I think we are well positioned to do that because the unique special fire of queer people is something that’s hard to quell. But we have to stay loud and stay visible. And we have to be parents sometimes and adults for those kids who maybe don’t have the leaders and the families that they need every day.
Rich: I do feel more of a sense of urgency this year due to the attacks on and attempts to marginalize members of our greater umbrella of sub-groups. I am making more of an effort to be seen as gay and supportive of our entire rainbow of adjacent groups that are still at the beginning of fighting and finding positive exposure.
It is maddening and frustrating that in 2023, basic human rights are under attack from people who actually are not affected in any way by the people they are trying to marginalize.
Marina: I’ll say for myself, I have been — in the last couple of years, maybe since the 2016 elections — I’ve been more cautious, and it sucks. I’ve been more cautious of being in crowded public spaces with other queer folk, which makes me really sad, just because there have been attacks on queer and trans folks and groups. With all of the political encouragement from leaders it has been kind of scary.
All that being said, I am still trying to do my best to enjoy Pride Month. At least during Pride Month, there’s protection in knowing that there is safety in numbers. There is safety in visibility. We are here and we’re not going to go anywhere, right? Even if you try to legislate our identities out of textbooks or not allow the word “gay” to be said in school. We’re here, you know?
Andrew: I think for a lot of younger queer people, myself included, this is the first time in my life I’ve ever seen legal attacks on rights and protections as intense as they have been. I’ve never seen anything like it in the time that I’ve been alive. There’s a call to action in that for queer people and allies. Something that’s really hard across the entire community is solidarity and understanding why protections and rights for trans people are important for people who aren’t (trans).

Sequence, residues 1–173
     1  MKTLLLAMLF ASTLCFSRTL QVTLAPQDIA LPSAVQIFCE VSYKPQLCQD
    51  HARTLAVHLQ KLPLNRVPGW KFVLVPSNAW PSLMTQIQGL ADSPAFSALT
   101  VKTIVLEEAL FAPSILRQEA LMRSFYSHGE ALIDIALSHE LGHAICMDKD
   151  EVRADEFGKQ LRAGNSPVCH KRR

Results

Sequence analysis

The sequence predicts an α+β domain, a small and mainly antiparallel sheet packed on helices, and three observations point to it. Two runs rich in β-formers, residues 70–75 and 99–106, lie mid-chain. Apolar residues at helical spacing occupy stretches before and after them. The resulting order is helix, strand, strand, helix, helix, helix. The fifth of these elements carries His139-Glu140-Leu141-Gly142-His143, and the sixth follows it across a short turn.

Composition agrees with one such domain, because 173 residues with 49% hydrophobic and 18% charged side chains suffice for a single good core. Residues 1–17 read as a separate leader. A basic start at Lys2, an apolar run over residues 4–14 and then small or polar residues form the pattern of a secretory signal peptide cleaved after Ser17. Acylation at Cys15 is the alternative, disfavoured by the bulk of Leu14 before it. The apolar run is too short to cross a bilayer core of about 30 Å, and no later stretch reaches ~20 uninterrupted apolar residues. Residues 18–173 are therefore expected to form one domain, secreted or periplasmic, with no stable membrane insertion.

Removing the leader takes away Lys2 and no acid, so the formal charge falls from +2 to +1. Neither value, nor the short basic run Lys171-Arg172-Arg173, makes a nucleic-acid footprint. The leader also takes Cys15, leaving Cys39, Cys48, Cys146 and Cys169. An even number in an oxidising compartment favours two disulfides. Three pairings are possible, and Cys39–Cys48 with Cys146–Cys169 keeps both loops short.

The persecution of trans people that we’re now seeing is inherently tied to and reflective of persecution of all queer people. Now more than ever, the entire community has an obligation to show up for the trans siblings we all have.
On how Nourishing Hope’s work supports LGBTQ+ rights
Andrew: The liberation of queer people is tied to the alleviation of hunger, the alleviation of poverty, the alleviation of suffering generally. All of these things must occur together for us to really understand what it is to be free, to be equal, to have equity. I think Nourishing Hope is, in every capacity, doing work to support that vision of a future.
Our staff, the people I work with, are deeply committed to helping people achieve the means and the ability to build the life that they want. We do that in a lot of different ways. My team specifically provides people the stepping stones to something new and to being more free.
Marina: In our work with Nourishing Hope, when we first meet a client we are not putting any expectations or assumptions on who they are. We wholly accept who they are. We want them to be their authentic selves. And that’s either when they’re getting food or when they’re receiving drop-in social services, or even when they’re with me in therapy — especially in therapy.